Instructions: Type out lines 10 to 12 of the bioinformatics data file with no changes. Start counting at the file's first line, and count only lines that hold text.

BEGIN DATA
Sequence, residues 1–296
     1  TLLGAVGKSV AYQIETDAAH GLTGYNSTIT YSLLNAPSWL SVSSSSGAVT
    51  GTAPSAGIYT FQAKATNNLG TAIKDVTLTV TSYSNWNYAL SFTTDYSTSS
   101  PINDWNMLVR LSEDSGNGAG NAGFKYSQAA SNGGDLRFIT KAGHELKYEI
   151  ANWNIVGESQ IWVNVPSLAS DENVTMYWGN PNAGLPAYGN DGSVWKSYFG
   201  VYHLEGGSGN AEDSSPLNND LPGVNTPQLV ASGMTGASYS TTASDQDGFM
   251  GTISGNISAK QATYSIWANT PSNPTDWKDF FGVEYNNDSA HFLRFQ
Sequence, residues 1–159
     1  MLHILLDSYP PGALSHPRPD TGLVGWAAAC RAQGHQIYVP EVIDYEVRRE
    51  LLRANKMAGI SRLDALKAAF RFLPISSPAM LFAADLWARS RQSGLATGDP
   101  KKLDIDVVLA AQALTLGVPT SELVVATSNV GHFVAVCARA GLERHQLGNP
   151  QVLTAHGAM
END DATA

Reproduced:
    51  LLRANKMAGI SRLDALKAAF RFLPISSPAM LFAADLWARS RQSGLATGDP
   101  KKLDIDVVLA AQALTLGVPT SELVVATSNV GHFVAVCARA GLERHQLGNP
   151  QVLTAHGAM